To understand better the regulation of Chk1 activation, we compared the Rad9/Dpb11 interaction reported earlier [58] to the Rad9/Chk1 interaction reported here. After DNA damage Chk1 only interacts with D-Rad9 whereas Dpb11 can still interact with C-Rad9 as well as D-Rad9 (Figure 5C). The DNA damage interaction between Rad9 and Dpb11 was lost in bleocin treated rad9CDK1-9A cells, which is in agreement with our previous finding that Ser11 (CDK site 1) is necessary for Rad9 interaction with Dpb11 [58]. Thus, the Ser11-dependent Rad9/Dpb11 interaction is only detected after DNA damage in contrast to the constitutive CDK site-dependent Rad9/Chk1 interaction. Perhaps reflecting different abundances of Dpb11 and Chk1 in cells, the extent of Dpb11 interaction with Rad9 in the presence or in absence of DNA damage appeared much less than we observed for the Chk1/Rad9 interaction under similar conditions. Importantly, Dpb11 was never observed in the Chk1 immunoprecipitates and Chk1 was absent from Dpb11 immunoprecipitates, indicating the presence of two mutually exclusive Rad9 sub-complexes. Taken together, our results indicate that CDK-dependent phosphorylation of consensus CDK sites in the N-terminal region of Rad9 is required for an interaction between Chk1 and Rad9 that occurs both in the presence and in the absence of DNA damage treatments.
To understand how Chk1 can be released from the Rad9/Chk1 complex in response to DNA damage, we used the in vitro assay previously reported that demonstrated that Rad53 could be released from the Rad9/Rad53 complex in vitro by addition of ATP [11], [25], [26]. Rad9 complexes were washed and incubated with either ATP, its non-hydrolysable analogue ATP-γS, or mock treated. As previously reported, Rad53 became further auto-phosphorylated and was released into the supernatant in a manner dependent upon ATP hydrolysis (Figure S5E) [26]. In contrast, Chk1 phosphorylation was not further modified by ATP addition and it was not released from the Rad9 beads. These in vitro observations are consistent with a distinct molecular mechanism involving an ATP-dependent release from the Rad9 complex for the regulation of Rad53, but not for Chk1.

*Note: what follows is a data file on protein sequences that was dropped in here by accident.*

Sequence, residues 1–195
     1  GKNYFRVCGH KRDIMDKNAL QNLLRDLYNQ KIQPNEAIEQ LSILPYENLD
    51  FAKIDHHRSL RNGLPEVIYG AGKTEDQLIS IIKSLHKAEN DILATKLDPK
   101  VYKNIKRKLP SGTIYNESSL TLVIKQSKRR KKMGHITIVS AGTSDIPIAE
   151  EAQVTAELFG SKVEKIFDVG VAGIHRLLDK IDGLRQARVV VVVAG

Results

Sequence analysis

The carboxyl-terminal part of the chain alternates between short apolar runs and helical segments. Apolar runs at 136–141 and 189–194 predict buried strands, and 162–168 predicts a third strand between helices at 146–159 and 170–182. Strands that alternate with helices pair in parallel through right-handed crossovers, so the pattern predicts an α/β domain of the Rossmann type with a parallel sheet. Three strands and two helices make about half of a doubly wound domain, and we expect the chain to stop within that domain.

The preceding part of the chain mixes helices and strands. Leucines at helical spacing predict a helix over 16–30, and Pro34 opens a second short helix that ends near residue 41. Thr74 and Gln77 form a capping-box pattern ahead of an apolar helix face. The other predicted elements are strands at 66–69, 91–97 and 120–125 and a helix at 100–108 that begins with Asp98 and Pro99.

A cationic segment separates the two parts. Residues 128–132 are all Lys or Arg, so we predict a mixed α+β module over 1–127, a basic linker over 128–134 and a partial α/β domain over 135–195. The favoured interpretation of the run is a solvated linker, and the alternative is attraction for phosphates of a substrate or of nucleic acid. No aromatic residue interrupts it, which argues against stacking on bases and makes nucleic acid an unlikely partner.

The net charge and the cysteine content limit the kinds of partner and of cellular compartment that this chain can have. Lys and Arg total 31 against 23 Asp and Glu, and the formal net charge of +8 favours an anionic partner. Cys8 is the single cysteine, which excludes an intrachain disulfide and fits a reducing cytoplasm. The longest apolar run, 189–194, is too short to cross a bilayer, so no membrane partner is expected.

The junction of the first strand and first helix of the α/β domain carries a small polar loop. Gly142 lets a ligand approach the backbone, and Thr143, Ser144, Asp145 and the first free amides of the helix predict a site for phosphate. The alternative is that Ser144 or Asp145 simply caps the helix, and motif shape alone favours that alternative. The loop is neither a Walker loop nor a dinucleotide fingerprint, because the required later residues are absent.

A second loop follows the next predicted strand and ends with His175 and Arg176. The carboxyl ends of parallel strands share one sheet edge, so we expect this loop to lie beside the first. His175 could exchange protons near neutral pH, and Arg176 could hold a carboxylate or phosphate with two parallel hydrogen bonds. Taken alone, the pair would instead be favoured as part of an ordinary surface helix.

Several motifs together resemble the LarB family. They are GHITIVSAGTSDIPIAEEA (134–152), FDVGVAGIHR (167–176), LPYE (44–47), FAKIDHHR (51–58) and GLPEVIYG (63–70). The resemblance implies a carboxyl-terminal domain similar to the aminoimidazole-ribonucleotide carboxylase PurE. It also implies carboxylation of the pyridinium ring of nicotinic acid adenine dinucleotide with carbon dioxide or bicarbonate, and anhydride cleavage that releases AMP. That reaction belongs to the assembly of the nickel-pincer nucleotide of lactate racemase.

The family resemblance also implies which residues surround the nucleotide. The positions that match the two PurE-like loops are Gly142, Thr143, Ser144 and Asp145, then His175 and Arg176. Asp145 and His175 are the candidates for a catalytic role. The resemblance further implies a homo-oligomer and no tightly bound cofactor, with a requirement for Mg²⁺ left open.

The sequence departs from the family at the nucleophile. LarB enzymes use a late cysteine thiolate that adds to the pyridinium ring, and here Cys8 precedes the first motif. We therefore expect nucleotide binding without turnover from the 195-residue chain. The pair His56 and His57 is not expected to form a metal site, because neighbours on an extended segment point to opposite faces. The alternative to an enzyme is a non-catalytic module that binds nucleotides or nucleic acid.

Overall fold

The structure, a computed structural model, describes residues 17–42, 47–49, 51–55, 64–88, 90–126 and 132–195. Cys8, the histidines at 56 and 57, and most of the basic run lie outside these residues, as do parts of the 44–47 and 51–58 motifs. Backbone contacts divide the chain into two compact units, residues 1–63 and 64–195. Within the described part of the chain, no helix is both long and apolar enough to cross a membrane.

Differential regulation of Rad9/Chk1 interaction by T125 and T143 phosphorylation
The next step to understanding the regulation of the Rad9/Chk1 interaction was to identify the specific sites in the CAD region involved. Our initial attempt to address this question using Rad9CDK mutants containing different combinations of mutant sites was inconclusive (Figure S6). We therefore generated Y2H CAD mutant constructs in which each of the individual nine sites in the CADCDK1-9A mutant was mutated back to the wild type residue. The ability of these nine ‘reversion’ mutants to interact with Chk1 was assessed by the Y2H assay (Figure 6A). When alanine residues at CDK sites 6 and 7 at position 125 and 143 were individually restored to threonines, each reversion sustained significant Rad9/Chk1 interaction. The combined reversion of T125 with T143 did not further increase the Rad9 CAD/Chk1 interaction (Figure S6C). We further assessed the contribution of both positions by mutating T125 and T143 simultaneously to alanine (CAD6A7A) in an otherwise wild type Rad9 CAD. The Y2H interaction with Chk1 was strongly reduced, although residual interaction relative to mutation of all 9 CDK sites was detected (Figure S6D), suggesting that other sites within the Rad9 CAD might also contribute to the Rad9/Chk1 interaction. Taken together, the Y2H results reveal that the integrity of residues T125 and T143 is particularly important for the interaction between the Rad9 CAD region and Chk1.